It seems that in each generation, especially the really dark ones, God raises up a prophetic voice to speak into them. It may be a handful of voices, or perhaps just one, but God will not leave us without a witness. Because of their important role, no wonder Moses could pray, “I wish that all God’s people were prophets” (Num. 11:29).
One recent prophetic voice was Francis Schaeffer. I have just re-read Schaeffer’s Death in the City which is based on lectures given at Wheaton College back in 1968. Wow – powerful, prophetic and soul-stirring stuff. If you still have a copy, pull it off the shelves, blow off the dust, and be challenged and blessed once again.
It is based mainly on Jeremiah and the opening chapters of Romans. It deals with the “lostness” of modern man, and what our attitude to this should be. Modern man is alone in the universe, says Schaeffer. “What marks our own generation? It is the fact that modern man thinks there is nobody home in the universe. Nobody to love man, nobody to comfort him, even while he seeks desperately to find comfort in the limited, finite, horizontal relationships of life.”
With the death of God in modern times comes the death of man, and the death of culture. Like Jeremiah, it was something which deeply grieved Schaeffer: “Do not take this lightly! It is a horrible thing for a man like myself to look back and see my country and my culture go down the drain in my own lifetime.”
Like Jeremiah, we must weep over a culture bent on self-destruction. And we must also weep for God’s people who have gone astray. Jeremiah’s “attitude must be ours: we must weep over the church as it has turned away and weep over the culture that has followed it.”
If God’s people were judged in Old Testament times, can we expect anything less? “Those people were going off into the Babylonian captivity not just for military reasons or economic reasons. God, as a holy God, judged them as they had turned away from Him. He will do the same in our generation.”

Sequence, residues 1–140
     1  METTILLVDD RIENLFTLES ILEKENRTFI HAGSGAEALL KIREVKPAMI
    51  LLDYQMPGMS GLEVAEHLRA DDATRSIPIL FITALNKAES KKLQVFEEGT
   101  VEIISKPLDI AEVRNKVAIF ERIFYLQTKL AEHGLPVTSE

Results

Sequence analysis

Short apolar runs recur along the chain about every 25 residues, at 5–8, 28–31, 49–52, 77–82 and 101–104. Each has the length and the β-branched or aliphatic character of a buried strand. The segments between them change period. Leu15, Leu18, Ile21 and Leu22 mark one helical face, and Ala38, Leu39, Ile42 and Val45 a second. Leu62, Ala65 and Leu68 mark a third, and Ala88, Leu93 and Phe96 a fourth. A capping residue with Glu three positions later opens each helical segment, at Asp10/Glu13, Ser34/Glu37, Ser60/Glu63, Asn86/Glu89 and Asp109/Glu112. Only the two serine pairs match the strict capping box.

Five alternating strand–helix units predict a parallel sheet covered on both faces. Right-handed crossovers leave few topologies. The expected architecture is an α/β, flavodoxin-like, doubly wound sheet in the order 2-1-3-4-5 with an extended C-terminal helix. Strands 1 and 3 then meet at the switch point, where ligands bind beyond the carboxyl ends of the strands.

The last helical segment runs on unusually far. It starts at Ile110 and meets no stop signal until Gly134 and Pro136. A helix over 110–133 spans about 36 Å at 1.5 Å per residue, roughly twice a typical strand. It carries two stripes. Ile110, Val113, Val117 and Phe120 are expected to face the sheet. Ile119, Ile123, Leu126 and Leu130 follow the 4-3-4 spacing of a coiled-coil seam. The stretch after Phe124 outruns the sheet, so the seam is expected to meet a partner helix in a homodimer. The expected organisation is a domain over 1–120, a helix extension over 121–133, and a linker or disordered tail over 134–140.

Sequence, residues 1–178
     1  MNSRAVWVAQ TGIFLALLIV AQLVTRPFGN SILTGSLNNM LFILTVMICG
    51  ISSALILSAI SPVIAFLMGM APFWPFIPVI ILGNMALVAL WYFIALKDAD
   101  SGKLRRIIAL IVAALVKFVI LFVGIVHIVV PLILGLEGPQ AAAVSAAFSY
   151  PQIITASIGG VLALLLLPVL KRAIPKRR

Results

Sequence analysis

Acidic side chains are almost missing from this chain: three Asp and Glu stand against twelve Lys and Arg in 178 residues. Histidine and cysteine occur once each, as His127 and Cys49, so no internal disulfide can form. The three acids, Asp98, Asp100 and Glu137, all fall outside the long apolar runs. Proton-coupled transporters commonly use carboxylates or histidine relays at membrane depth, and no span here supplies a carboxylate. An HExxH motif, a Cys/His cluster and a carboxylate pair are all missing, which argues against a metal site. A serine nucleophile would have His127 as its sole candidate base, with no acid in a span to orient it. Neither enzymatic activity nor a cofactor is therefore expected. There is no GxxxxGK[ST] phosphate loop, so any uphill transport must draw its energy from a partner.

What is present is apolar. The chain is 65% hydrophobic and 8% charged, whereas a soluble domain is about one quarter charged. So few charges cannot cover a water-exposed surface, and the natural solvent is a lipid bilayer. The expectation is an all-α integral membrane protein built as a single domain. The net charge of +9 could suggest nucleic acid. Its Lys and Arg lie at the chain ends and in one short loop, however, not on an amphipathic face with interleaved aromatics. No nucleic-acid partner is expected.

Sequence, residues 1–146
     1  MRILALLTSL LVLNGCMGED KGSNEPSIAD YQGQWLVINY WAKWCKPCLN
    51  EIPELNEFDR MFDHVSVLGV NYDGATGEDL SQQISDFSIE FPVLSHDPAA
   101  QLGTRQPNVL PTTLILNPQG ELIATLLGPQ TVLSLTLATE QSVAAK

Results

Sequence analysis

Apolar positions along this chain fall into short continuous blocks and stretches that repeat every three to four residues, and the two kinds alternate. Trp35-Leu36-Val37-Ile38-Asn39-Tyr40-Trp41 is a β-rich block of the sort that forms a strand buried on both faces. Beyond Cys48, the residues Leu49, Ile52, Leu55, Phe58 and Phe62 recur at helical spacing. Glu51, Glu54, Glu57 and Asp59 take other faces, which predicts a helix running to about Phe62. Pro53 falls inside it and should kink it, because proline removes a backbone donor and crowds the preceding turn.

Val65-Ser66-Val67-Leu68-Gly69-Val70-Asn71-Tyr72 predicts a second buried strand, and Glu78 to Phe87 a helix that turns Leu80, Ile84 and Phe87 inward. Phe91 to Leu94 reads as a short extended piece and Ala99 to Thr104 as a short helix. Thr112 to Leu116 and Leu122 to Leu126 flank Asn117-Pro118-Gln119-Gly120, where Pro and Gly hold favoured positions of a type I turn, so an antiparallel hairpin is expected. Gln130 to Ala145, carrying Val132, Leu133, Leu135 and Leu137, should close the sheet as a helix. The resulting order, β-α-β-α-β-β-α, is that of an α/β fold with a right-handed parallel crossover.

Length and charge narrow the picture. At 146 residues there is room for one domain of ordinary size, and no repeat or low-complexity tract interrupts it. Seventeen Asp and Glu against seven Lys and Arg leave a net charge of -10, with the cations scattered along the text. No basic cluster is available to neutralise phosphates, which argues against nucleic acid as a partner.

In both cases there has been a clear rejection of God and the knowledge of God. Where does that put us in the divine scheme of things? It resulted in judgment for Israel and it surely must do so for us as well. In Jeremiah’s day the people presumed upon the grace of God. We must not do so today:
“Our generation needs to be told that man cannot disregard God, that a culture like ours that has had such light and then has deliberately turned away stands under God’s judgment. God is a God of grace, but the other side of the coin of grace is judgment. If God is there, if God is holy (and we need a holy God or we have no absolutes), there must be judgment.”
Schaeffer rightly notes that in such a situation, we best not plead for justice: “I must say that when I pray for my country and my culture, I do not pray for God’s justice. I can only plead for His mercy. If we had the justice of God, we would not have peace. We would have a situation like Jeremiah’s. How dare we pray for justice upon our culture when we have so deliberately turned from God and His revelation? Why should God bless us?”
How then is the gospel to be presented in such a culture as this? I think Schaeffer was correct to say that it is quite unhelpful today telling people the good news of the gospel without first clearly letting them know the bad news. He draws upon Jer 1:9-10: “Then the LORD reached out his hand and touched my mouth and said to me, ‘Now, I have put my words in your mouth. See, today I appoint you over nations and kingdoms to uproot and tear down, to destroy and overthrow, to build and to plant’.”